Wendy Erd: Language and Place

Independence Mine State Historical Park  photo credit, Leanne Quirk

I was
chatting with a friend recently, an avid poetry reader and a writer, following
a celebration of William Stafford’s poetry.  It seemed the perfect time to
encourage her to submit a poem or two for our statewide Poems in Place call.  She said she had nothing to offer.
“After all,” she asked, “don’t the poems need to be specifically about the
particular state parks where they’ll be placed?’
Her answer took me by surprise and prompted the writing
of this post. There is so much possibility – not only for my friend- but for
you as readers and writers, to create or to discover poems that find synergy
with place.  Poems in
 encourages Alaskans to
explore a relationship with language and place, both as writers and readers.
From January 15 until March 15, 2014 we are seeking poems for Independence
Mine State Historical Park, near Palmer and for Lake Aleknagik State Recreation
Site/ Wood Tikchik State Park, near Dillingham.
Poems in Place, a
statewide project was inspired by Stafford’s Methow River poems, a series commissioned
by the forest service and set outside on signs in the Methow river valley. Our
Alaskan version was launched into being with the passing of a fine Alaskan
poet, Kim Cornwall, who loved Stafford and the idea of poems springing out from
between book covers.  In
2011 Kim’s poem, What Whales
and Infants Know
, was placed at Beluga Point in Chugach State Park.
In 2013, Poems
in Place
 invited Alaskans to
submit original work /or to nominate poems by Alaskan writers that found
resonance with two particular state parks.  From over 100 submissions and
nominations, four poems were chosen and found home under the open sky: poems
written by Emily Wall and Ernestine Hayes were dedicated in Totem Bight State
Park in Ketchikan and poems by Frank Soos and John Haines were set in Chena
River State Recreation Area, near Fairbanks. To visit these poems please see:
When I explained more clearly to another friend and
writer that we are seeking nominations as well as original work he said, “What
a great opportunity to turn over the soil of Alaskan poetry.”  Poems in Place is an invitation to peruse poetry
collections, chapbooks, back issues of AQR. It’s also a perfect reason to
revisit your own work, or to write an original poem in response to this call.
Literalists and Leapers alike are welcome.  There are many ways to strike up a
conversation between language and landscape, to let place be interpreted
broadly, spiritually and culturally, as well as geographically.
Kim Stafford, a member of our Poems in Place committee wrote that he liked “the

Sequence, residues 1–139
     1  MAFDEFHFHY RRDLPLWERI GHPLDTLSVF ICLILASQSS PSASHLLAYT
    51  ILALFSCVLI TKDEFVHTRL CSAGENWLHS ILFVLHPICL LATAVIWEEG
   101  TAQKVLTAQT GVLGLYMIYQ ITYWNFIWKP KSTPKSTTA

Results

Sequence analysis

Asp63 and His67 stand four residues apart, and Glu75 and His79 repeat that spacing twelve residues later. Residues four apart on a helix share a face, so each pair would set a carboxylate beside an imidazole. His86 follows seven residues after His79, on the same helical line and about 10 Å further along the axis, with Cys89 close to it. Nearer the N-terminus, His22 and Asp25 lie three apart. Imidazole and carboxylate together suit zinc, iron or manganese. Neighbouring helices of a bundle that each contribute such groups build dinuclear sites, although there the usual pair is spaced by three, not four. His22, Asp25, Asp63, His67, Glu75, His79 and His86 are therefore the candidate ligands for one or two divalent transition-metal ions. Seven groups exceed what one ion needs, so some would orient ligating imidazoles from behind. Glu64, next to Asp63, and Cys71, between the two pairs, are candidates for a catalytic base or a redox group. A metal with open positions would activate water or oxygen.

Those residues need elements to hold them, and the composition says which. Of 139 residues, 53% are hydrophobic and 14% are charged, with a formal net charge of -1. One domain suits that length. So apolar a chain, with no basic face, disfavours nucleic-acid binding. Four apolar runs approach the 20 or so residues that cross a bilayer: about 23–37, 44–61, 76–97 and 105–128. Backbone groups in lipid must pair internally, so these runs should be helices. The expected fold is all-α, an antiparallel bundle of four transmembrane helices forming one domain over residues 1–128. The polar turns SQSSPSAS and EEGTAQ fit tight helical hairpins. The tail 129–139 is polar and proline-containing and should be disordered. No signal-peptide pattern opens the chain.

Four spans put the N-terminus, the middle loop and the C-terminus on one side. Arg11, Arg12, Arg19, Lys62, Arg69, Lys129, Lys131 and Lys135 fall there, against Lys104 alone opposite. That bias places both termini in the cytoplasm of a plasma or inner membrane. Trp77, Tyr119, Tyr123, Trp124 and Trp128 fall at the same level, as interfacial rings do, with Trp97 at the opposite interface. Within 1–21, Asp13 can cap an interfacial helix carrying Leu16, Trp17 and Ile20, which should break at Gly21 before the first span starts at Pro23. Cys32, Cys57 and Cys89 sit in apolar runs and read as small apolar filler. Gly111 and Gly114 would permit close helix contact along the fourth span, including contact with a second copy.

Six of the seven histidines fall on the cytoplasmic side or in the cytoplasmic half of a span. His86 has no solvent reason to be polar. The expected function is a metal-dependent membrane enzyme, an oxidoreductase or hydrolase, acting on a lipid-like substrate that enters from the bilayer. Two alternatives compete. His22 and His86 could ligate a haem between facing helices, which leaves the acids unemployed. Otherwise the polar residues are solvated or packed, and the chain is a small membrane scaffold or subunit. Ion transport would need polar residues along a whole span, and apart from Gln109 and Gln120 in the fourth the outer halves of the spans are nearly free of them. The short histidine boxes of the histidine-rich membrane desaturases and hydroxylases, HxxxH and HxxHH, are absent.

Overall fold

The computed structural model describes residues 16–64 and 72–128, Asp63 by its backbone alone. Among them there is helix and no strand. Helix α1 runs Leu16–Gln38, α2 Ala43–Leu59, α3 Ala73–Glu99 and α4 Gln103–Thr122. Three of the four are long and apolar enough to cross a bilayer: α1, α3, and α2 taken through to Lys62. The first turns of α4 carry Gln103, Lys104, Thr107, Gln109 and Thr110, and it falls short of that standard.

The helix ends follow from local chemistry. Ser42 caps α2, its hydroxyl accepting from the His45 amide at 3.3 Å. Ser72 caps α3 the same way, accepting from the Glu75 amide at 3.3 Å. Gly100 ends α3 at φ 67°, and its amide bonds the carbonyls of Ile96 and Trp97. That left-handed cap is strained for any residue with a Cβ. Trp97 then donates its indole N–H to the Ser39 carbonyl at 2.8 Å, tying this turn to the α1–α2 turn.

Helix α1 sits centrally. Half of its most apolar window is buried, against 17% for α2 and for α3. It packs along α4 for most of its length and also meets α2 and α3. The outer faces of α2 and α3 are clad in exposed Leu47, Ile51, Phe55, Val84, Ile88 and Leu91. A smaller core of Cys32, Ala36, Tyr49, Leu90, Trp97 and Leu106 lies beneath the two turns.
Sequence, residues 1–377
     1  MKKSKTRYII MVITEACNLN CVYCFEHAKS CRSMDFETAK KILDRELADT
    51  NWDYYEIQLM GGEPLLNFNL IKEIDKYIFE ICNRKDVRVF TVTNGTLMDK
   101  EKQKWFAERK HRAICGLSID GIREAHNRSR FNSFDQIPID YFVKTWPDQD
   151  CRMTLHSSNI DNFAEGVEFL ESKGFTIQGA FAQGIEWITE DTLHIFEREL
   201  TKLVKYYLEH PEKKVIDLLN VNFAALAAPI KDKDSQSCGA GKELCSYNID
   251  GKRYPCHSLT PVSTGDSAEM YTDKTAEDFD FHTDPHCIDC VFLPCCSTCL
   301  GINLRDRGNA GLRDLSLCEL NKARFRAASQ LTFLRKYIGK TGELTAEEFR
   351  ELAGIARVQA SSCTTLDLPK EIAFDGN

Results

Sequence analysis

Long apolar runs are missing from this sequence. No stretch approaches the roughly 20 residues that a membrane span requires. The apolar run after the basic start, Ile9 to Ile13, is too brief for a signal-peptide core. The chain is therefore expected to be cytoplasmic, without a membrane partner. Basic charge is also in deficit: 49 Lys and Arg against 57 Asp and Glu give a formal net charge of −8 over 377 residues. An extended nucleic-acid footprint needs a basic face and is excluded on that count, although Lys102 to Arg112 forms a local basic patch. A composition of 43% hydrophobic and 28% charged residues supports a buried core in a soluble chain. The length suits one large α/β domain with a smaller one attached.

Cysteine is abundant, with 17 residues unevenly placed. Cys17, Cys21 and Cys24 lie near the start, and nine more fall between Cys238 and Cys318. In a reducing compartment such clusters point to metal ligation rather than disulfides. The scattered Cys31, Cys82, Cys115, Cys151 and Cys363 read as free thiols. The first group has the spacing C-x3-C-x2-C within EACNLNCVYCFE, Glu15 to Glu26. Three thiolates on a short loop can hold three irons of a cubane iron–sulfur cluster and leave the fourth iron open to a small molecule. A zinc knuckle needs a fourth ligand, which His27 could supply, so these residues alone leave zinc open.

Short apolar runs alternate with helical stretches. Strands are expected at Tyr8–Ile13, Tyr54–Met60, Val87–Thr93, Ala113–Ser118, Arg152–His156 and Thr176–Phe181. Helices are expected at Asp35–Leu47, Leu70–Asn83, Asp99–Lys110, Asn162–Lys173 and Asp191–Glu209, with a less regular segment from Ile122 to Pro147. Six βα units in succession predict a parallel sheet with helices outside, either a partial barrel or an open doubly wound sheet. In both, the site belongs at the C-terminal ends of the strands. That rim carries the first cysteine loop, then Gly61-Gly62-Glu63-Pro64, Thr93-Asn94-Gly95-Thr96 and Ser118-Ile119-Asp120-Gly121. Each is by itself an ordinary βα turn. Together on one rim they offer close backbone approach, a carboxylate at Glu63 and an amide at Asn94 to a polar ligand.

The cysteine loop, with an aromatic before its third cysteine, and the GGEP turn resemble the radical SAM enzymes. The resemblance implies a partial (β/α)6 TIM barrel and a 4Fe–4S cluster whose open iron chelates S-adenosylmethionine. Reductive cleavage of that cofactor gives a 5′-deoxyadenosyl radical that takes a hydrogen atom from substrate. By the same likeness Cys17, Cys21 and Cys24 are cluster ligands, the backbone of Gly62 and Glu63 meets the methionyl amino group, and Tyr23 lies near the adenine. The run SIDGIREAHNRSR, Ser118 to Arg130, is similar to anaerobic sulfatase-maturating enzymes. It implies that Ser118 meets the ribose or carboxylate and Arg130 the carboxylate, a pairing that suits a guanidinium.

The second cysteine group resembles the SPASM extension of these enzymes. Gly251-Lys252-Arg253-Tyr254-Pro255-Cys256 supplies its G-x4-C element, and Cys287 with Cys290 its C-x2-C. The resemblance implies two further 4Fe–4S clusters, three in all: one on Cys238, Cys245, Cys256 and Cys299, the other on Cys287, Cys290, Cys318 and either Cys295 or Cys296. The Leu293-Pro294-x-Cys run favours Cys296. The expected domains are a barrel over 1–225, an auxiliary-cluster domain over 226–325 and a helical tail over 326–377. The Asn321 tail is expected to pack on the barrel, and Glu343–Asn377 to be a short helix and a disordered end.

idea of a poem rooted in place but rising to an idea. It’s like being in a very
particular place and hearing the call of geese going overhead–are they
“in” the place? No. But hearing them deepens, enriches, complicates
in a beautiful way the experience of being there. So a poem might touch the
place very deftly, and then take the reader farther, deeper, differently into
this life.”
Try taking a poem outside, read it aloud to the land.
Suddenly poem plus place equals more than either by itself. A richness rises.
Kim Cornwall’s poem, What
Whales and Infants Know
 was a
great beginning.  It
satisfies those interested in white whales while the meaning of her words
carries us farther:
A beluga rising
from the ocean’s muddy depths
reshapes its head to make a sound
or take a breath.
                                                I want to come
                                                at air and light like this.
                                                To make my heart
                                                a white arc above the muck of certain
                                                and from silence and strange air
                                                send a song
                                                to breach the surface
                                                where what we need most
Poems in Place invites poems that enter by the door of a particular
place and fling wide the windows of association and discovery, inviting a
wanderer passing by to stop, read, and find something new in that place and in
Information, rules and entry form for this year’s Poem in
Place submissions/nominations are posted at 
http://www.alaskacenterforthebook.org There is no fee for submissions.
Poems in Place is supported by the Alaska Humanities Forum, the Usibelli
Foundation, the Rasmuson Foundation, the Alaska Poetry League, Alaska Center
for the Book, Alaska State Parks and numerous generous individuals.
We look forward to reading your submissions. 
Most recently Wendy Erd wrote poetry that will appear
along the Beluga Slough trail in Homer. With the help of an amazing committee
of writers, poets and State Parks personnel, she coordinates Poems in

Lake Aleknagik State Recreation Site/ Wood Tikchik State Park, photo by Kyle Joly. 

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